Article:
Summary: christmas message 2014

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Sermon: Christmas message 2014

Let's open with prayer

Well if you all are anything like me then I know you are looking forward to getting back to the back and enjoying some of that good food that awaits so I will be brief this morning but before we go and eat I want to take a few minutes this morning and share with you two stories – one about a grown man and one about a tiny infant.

The first story was told by radio commentator Paul Harvey.

The second is written by God Himself and yet the two stories are very much tied together.

The man in the first story, “The man I’m talking about, was not a scrooge now, he was a kind, decent, mostly good man. Generous to his family, upright in his dealings with other men, but he just did not believe in all that incarnation stuff which the Churches proclaim at Christmas time. It just didn’t make sense. And he was too honest to pretend otherwise. He could not swallow the Jesus story about God coming to earth as man.

He told his wife, “I’m truly sorry to distress you, but I’m just not going with you to church this Christmas Eve.” He said he’d feel like a, “hypocrite.” That he would much rather just stay home, but that he would wait up for them. So he stayed and they went to the christmas eve service.

Now, shortly after the family drove away in the car, snow began to fall. He went to the window to watch the flurries getting heavier and heavier, then he went back to his fireside chair and began to read his newspaper. Minutes later he was startled by a thudding sound. And then another and then yet another. At first he thought somebody must be throwing snowballs against his living room window. But, when he went to the front door to investigate, he found a flock of birds huddled out there, miserably, in the snow. They had been caught in the storm. In a desperate search for shelter they had tried to fly through his large, landscape, window. That was what had been making the sound!

Well, he couldn’t let those poor creatures just lie there and freeze. So he remembered the barn where his children stabled their pony. That would provide a warm shelter – all he would have to do is direct the birds into that shelter.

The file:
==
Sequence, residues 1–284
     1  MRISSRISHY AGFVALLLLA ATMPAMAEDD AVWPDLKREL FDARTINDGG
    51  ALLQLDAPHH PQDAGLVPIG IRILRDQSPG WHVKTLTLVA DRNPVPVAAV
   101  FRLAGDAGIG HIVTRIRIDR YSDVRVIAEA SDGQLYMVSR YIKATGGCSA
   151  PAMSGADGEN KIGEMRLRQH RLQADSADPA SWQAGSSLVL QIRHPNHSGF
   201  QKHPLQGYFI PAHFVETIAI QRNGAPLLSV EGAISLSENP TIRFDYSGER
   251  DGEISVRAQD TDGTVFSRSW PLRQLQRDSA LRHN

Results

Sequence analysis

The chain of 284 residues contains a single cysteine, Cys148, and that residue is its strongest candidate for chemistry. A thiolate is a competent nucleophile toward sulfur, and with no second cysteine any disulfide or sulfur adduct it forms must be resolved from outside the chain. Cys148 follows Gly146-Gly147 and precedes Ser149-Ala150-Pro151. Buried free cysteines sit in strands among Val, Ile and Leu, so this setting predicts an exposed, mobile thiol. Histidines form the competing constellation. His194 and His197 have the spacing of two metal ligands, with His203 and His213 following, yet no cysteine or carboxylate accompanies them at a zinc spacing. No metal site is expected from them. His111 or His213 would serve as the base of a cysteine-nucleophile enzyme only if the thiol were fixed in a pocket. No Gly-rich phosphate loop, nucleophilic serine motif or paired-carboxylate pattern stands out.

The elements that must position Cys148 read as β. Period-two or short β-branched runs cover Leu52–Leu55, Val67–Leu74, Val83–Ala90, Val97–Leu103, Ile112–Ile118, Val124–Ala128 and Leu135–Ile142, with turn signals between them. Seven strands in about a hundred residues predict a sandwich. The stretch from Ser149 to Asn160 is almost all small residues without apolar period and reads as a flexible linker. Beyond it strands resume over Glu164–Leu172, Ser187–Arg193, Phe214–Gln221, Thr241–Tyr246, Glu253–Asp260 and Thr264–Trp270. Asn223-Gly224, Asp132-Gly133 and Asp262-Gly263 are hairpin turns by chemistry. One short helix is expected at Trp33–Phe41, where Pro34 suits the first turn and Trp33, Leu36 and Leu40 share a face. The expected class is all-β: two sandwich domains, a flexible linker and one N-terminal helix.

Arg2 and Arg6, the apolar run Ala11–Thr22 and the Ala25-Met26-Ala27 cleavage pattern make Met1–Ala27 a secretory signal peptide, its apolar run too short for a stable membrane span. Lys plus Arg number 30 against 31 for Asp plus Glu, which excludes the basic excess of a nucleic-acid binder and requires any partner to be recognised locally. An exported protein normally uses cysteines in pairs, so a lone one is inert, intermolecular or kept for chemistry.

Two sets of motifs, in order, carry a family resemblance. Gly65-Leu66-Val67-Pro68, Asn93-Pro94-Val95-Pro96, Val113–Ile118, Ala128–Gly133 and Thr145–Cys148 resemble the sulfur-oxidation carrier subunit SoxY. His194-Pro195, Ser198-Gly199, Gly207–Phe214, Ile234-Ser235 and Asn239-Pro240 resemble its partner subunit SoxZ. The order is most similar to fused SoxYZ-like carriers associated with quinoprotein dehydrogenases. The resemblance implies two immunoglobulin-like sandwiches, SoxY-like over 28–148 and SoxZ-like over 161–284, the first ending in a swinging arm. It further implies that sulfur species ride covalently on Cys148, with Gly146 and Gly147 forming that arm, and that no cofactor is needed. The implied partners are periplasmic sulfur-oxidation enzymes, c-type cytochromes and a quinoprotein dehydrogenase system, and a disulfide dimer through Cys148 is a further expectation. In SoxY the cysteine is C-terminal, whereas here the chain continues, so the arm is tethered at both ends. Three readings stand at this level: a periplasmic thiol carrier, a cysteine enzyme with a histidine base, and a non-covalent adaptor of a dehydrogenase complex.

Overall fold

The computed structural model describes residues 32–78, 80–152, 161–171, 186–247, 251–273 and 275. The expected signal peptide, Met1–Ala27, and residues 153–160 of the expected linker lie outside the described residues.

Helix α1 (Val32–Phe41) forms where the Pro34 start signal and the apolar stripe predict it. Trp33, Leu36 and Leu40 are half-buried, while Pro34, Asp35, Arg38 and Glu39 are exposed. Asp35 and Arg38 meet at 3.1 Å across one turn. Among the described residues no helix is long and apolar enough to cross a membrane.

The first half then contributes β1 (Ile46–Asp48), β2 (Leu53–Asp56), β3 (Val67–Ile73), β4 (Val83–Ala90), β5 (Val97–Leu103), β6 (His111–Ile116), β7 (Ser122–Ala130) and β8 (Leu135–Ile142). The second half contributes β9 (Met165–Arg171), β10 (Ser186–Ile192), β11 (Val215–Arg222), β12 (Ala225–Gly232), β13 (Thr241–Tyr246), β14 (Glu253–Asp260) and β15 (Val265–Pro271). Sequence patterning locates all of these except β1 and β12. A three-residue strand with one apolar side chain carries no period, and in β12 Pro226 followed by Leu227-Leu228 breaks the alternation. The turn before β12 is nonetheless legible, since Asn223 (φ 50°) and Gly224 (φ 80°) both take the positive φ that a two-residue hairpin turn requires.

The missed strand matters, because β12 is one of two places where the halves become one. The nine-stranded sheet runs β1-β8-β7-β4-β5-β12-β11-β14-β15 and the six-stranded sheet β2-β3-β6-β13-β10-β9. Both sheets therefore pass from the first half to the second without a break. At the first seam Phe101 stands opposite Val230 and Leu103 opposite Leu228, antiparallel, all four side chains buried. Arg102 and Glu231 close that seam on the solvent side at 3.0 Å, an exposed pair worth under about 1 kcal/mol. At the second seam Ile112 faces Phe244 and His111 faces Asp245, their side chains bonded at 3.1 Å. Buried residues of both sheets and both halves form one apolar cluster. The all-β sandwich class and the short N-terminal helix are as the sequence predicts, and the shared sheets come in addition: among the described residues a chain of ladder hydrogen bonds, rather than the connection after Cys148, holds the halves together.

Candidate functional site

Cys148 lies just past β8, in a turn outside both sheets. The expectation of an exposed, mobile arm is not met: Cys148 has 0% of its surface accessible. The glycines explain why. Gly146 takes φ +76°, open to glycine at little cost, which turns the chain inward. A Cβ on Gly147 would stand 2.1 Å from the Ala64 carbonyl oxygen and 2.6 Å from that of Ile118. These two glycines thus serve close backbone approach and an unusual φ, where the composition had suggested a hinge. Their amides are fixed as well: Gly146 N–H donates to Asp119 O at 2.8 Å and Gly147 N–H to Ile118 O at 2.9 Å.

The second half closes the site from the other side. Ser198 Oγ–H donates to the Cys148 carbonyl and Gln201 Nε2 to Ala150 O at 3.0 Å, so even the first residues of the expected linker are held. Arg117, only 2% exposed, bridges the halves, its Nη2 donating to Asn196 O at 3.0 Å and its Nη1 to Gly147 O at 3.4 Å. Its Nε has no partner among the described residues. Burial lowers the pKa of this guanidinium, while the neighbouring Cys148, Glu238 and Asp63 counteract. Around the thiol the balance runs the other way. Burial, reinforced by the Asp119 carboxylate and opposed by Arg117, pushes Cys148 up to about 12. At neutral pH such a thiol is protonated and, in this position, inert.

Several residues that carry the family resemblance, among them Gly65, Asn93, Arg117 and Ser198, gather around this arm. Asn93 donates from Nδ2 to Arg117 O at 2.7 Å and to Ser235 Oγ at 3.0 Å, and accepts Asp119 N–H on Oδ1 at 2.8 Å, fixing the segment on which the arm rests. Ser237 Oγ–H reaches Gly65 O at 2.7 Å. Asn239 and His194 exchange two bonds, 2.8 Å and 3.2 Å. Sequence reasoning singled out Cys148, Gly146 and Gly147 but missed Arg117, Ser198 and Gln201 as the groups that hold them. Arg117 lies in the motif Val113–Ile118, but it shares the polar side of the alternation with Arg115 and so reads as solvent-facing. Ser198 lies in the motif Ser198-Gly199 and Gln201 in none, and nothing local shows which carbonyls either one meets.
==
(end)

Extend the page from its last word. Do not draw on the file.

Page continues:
Quickly he put on a coat and galoshes, and he tramped through the deepening snow to the barn, and he opened the doors wide, and inside the barn he turned on a light so the birds would know the way in.

But the birds did not come in. So he figured that food would entice them. He went back to the house and fetched some bread crumbs, and sprinkled those on the snow making a trail of bread crumbs to the yellow lighted, wide open, doorway of the stable. But to his dismay, the birds ignored the bread crumbs.

The birds just continued to flap around helplessly in the snow. He tried catching them – he could not. He tried shooing them into the barn by walking around them waving his arms – but instead they scattered in every direction – every direction except into the warm, lighted barn.

And that’s when he realized that they were afraid of him. They were

afraid of him. To them, he reasoned, I am a strange, terrifying creature. If only I could think of some way to let them know they can trust me; that I’m not trying to hurt them, but to help them. But how? Any move he made tended to frighten them and confuse them. They just would not follow. They would not be led, or shooed, because they feared him. And he thought to himself, “If only I could be a bird now, I could be a bird and mingle with them, and speak their language, and tell them not to be afraid. Then I could show them the way to the safe, warm barn. But I would have to be one of them, wouldn’t I, so they could see and hear and understand.

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